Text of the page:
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Education in Hungary

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Education in Hungary

Education in Hungary
Ministry of Human Resources
State Secretary for Education
Zoltán Balog
Rózsa Hoffmann
General details
Primary languages Hungarian
System type Central
October 26, 1995
September 1, 1998
Literacy (2003)
Total 99.4
Male 99.5
Female 99.3
Total 1,877,500
Primary 886,500
Secondary 570,000
Post secondary 421,000
Secondary diploma 86
Post-secondary diploma 14

This article is about education in Hungary particularly the organization of the education system which shows similarities with Central European and ex-socialist countries.


  • The social environment of education 1
  • School system in Hungary 2
    • Hungarian education and training programmes (ISCED-97) 2.1
    • Organization of the educational system 2.2
    • Pre-primary education 2.3
    • Primary education 2.4
    • Secondary education 2.5
      • New secondary form until the school year of 2004/2005 2.5.1
    • Higher education 2.6
    • Vocational schools 2.7
  • Foreign students in Hungary 3
    • Preparatory courses 3.1
  • See also 4
  • References 5
  • Sources 6
  • External links 7

The social environment of education

The decline of Hungary's population that started in 1981 has also continued in recent years. According to the 2001 census, the population of Hungary was 10,198,000, about half a million less than the figure of twenty years earlier. By 2005 the population dropped to 10,077,000. The age pyramid of the Hungarian population is among the most irregular ones in Europe. On 1 January 2005, due to the extremely low number of live births in the preceding years the size of the 0-4-year-old population was smaller than the next age groups of five-year increments up to the age group 60-64. There are major differences in the size of the various generations.

The official language of instruction is Hungarian, but a number of ethnic and national minorities (e.g. German, Romanian, Slovene, Serb and Croatian) have minority educational institutions with their own languages as first or second language of instruction at primary and secondary level of teaching. According to the 2003 survey, the rate of Romani children in the population entering school education in 2008-2009 is expected to be around 15%.[1]

School system in Hungary

A special feature of the Hungarian education system is that institutional structures and the structure of educational programmes are not aligned with each other. The system's institutional structure and the presence of programmes allowing early selection show similarities with Central European and ex-socialist countries. The system's content structure, the uniform and general phase of education has extended, and secondary level education may be characterised by increased opportunities for transition. The general phase of education lasts until the age of 16 in Hungary's education system. Participation in secondary education, offering a wide variety of programmes, is fairly high. Within secondary education, the proportion of students studying in programmes leading to a secondary school-leaving certificate and offering transition to tertiary education is around the international average.[2]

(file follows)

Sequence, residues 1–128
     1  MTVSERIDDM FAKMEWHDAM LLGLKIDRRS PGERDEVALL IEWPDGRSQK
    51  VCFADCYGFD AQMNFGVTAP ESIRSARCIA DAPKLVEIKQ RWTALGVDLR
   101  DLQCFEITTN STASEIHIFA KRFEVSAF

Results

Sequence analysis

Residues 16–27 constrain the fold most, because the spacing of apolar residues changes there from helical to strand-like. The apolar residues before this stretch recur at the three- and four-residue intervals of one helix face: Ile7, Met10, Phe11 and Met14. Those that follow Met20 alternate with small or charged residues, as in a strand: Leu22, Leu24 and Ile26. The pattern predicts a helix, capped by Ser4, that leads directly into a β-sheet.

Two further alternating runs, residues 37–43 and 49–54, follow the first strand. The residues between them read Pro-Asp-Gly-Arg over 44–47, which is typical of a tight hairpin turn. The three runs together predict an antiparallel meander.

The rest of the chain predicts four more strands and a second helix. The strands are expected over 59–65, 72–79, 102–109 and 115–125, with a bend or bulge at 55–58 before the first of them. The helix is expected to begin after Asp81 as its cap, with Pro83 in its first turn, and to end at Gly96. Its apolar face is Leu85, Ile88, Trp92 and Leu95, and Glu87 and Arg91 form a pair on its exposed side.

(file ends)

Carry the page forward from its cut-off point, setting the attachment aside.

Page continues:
Hungarian education and training programmes (ISCED-97)

Institutional setting of programme Programme destination and orientation Notes
Pre-school 0 School-based programme for children aged 3–7. Includes basic skills development, pre-reading, drawing, singing, and school preparation.
General school 1AG General school primary level, Grades 1-4.
2AG General school lower secondary level, Grades 5-8.
Vocational training school (Apprenticeship training) 2BG Remedial programme for drop-outs and low achievers that provides a second chance for further education
2CV Vocational training school programmes preparing qualifications for trades identified in the National Register of Vocational Qualifications that do not require the completion of 10 years of general education for entry
3CG Vocational training school, Grades 9-10. General subject courses with vocational guidance preparing students for entering into programmes that require 10 years of general education
3CV 3-year apprenticeship training programmes according to the Education Act of 1985 starting after grade 8 of the general school. 1997/98 was the last year of new enrollments, because the new law does not allow dualsystem vocational education before age 16.
4CV Post-secondary vocational programmes where the entry requirement is the completion of secondary education
Special vocational training school 2CP Basic skills and labour market oriented development programme for students with special educational needs
General secondary school 2AG Grades 5-8, and 7-8 of the eight-grade and six-grade general secondary school
3AG General secondary education, grades 9-12 preparing students for secondary school final examination
Vocational secondary school 3AP Vocational secondary school programmes preparing students for secondary school final examination with pre-vocational elements, Grades 9-12 (13).
3BP Vocational secondary part-time programmes, Grades 9–12 (13) preparing for secondary school final examination with pre-vocational programme elements
4AG General secondary programme preparing for secondary school final examination for vocational training school graduates (3CV)